The Connection Between Headaches and Hormones

By: Dr. Pelin Batur Posted on January 02, 2019

The Connection Between Headaches and Hormones

Migraines in Women

Migraines in women are very common, affecting 40% of US women. Unfortunately, this is often misdiagnosed as tension or sinus headaches. In fact, 9 out of 10 patients who complain to their physician about chronic headaches have a diagnosis of migraine. Even those “sinus headaches” are usually migraines.

Symptoms of Migraines

  1. Migraines can be throbbing or a constant pressure, located at various locations throughout the head and neck.
  2. Nausea and vomiting may or may not accompany these headaches.
  3. Although sensitivity to light or noise during the headache is suggestive of migraine, these symptoms are not required for the diagnosis to be made.

Menstrual Migraine

As if dealing with a monthly menstrual cycle is not enough of a hassle, a menstrual migraine (migraine headache associated with menses) is often the most severe and hardest to control for women. Typically, these headaches are triggered when estrogen levels drop immediately before menses, or sometimes after ovulation. This is also the reason why many women can have bad migraines immediately after delivering their child as there is a marked decrease in estrogen. Usually, migraines get better in pregnancy.

Hormones and Headaches

In the past, headache specialists were very nervous about the use of any types of hormones in their patients with migraines, for fear of stroke. However, the right type of hormonal contraceptive agent may completely eliminate these headaches. Those include the following:

Luckily, updated guideline recommendations from the American Headache Society, the Centers for Disease Control and the European Headache Federation all emphasize a tailored approach to the management of these headaches in each woman, as opposed to discouraging the use of estrogen-containing contraceptives in everyone.

Low dose birth-control pills used continuously (without a placebo break) control the ups and downs of hormones that work as a potent migraine trigger, especially during the perimenopausal time when headaches often worsen. Women with migraines can feel comfortable taking a birth control pill (or the vaginal ring) if they don’t get an aura, assuming they don’t have any other reason not to use estrogen containing agents.

Auras with Migraines

Auras are defined as visual or neurological changes which occur near the time of a migraine. There are specific criteria to diagnose an aura:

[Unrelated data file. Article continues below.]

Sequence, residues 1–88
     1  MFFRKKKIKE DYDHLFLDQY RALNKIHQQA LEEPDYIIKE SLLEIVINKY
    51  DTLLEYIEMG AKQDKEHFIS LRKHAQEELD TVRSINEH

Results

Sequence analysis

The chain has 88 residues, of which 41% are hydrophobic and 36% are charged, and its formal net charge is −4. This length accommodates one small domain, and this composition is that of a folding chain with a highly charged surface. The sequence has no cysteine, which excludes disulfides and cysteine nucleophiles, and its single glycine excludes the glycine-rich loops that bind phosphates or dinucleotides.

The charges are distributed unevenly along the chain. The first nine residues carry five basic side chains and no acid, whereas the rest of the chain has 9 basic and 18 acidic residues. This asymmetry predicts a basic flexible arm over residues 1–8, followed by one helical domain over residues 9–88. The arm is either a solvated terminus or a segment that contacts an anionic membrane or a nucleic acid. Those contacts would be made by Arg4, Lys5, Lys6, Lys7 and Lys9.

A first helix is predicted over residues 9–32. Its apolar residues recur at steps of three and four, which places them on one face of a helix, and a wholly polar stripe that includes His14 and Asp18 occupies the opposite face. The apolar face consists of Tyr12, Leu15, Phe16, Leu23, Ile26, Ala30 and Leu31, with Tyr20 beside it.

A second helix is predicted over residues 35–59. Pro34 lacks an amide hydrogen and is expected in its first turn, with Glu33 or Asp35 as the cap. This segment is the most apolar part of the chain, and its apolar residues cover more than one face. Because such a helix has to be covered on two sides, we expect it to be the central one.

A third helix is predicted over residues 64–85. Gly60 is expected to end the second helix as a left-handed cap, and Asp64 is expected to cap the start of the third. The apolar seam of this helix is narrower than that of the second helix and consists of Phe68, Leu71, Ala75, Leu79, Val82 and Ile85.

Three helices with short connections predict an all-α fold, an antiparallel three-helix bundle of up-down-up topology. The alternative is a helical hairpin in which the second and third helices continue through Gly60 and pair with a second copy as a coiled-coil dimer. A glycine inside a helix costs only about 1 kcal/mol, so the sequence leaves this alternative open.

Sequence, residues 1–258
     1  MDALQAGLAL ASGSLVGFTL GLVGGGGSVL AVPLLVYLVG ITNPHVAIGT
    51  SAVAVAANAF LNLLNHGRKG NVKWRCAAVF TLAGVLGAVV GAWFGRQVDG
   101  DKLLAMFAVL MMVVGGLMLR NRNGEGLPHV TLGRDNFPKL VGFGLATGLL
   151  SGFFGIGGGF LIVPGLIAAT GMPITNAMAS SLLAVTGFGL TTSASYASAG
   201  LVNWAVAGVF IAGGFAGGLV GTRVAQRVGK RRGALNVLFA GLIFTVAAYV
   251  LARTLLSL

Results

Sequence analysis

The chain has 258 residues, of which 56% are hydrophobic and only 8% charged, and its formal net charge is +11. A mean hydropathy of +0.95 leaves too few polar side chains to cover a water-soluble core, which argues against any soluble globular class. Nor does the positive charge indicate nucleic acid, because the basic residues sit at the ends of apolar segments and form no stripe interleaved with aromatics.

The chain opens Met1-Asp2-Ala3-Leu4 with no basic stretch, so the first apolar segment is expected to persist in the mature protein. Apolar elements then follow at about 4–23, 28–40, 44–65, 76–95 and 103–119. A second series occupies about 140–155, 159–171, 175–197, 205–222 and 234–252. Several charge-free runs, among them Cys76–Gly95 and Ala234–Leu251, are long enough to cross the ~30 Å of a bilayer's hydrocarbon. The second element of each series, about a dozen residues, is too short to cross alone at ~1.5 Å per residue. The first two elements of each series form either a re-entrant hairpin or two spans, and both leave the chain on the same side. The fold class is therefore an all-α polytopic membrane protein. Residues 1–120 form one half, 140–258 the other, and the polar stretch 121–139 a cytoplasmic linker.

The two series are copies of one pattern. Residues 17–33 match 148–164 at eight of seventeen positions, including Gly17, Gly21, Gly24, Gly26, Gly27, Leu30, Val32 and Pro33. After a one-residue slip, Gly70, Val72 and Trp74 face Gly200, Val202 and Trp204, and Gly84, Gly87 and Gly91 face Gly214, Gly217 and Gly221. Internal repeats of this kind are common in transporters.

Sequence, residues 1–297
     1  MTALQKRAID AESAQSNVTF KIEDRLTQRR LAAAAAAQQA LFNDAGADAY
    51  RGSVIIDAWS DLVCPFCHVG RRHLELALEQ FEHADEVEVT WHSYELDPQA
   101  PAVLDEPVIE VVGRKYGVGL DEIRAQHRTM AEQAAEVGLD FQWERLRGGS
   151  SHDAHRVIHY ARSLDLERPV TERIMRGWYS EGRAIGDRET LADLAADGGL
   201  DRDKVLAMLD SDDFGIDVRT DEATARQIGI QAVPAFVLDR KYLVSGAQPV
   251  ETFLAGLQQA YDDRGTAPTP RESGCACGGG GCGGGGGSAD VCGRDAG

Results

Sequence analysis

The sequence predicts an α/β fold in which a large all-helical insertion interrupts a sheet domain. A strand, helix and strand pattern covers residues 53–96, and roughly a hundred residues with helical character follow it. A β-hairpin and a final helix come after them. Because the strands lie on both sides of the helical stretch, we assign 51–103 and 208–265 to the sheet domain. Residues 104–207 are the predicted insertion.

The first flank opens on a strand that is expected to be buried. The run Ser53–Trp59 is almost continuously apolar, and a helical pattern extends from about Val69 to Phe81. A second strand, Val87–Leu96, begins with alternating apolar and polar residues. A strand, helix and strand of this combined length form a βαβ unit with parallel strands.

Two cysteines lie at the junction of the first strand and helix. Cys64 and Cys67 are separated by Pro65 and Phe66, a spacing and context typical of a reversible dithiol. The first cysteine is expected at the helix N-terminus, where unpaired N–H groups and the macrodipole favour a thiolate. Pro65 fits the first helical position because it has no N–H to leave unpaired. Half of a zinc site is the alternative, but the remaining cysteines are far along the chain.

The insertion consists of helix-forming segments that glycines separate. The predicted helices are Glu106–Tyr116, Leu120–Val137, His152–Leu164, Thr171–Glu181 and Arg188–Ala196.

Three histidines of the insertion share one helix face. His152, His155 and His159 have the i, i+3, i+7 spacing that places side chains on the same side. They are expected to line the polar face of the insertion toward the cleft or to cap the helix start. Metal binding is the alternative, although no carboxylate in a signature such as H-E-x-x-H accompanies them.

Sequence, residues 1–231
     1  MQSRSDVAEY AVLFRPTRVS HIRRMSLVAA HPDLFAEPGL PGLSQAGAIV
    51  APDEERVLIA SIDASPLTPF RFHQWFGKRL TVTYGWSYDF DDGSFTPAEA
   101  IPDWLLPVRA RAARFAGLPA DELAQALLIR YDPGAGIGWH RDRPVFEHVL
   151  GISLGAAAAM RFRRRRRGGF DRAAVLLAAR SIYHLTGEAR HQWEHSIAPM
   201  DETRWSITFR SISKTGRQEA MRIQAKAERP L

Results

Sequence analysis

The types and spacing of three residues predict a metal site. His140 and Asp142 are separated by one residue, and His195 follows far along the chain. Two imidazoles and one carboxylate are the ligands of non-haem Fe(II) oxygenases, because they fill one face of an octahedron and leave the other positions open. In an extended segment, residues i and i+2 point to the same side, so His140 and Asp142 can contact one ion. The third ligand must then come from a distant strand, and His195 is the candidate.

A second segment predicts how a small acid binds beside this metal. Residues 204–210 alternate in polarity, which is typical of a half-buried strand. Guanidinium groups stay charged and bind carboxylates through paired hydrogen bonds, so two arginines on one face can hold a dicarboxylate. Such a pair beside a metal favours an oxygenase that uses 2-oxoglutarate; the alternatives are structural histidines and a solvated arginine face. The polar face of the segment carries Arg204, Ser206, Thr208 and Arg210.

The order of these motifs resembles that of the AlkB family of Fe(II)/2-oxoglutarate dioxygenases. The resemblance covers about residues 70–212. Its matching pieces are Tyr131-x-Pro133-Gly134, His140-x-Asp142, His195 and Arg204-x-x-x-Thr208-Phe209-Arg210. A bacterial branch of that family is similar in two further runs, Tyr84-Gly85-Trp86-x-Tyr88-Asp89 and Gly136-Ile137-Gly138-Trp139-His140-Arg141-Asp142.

• Auras typically last somewhere between 5 and 60 minutes.
  • Visual blurring, floaters or split-second flashes before or during a migraine headache do not meet the criteria for aura.

Those who have auras with their migraines need to discuss best treatment options with their women’s health specialist or headache specialist, given that auras can increase the risk of stroke.

Seeing someone who specializes in hormonal headaches can help women claim back their quality of life, especially during the menopause transition. Of note, using the wrong type of birth control pill (such as tricyclic or variable hormone levels) can actually make these headaches worse, instead of treating them. Luckily, for most women who have hormonal headaches, menopause is a time of great relief from migraines. Postmenopausal women who are suffering from bad menopausal symptoms can safely use hormone therapy even with a history of migraines, as long as there is no other contraindication.

Be Strong. Be Healthy. Be in Charge!

-Pelin Batur MD
Women’s Health Specialist

Pelin Batur MD has been at the Cleveland Clinic since 1998. Dr. Batur graduated medical school from Northeastern Ohio Universities College of Medicine (NEOMED). After her internal medicine residency training, she completed specialty fellowship training in women’s health at the Cleveland Clinic. Her specialty interests include menopausal care, contraception, bone health, menstrual migraine, sexual concerns, as well as overall preventative women’s health. She has partnered with the Taussig Cancer Institute to develop a comprehensive Female Sexual Dysfunction program for cancer survivors.


Related Articles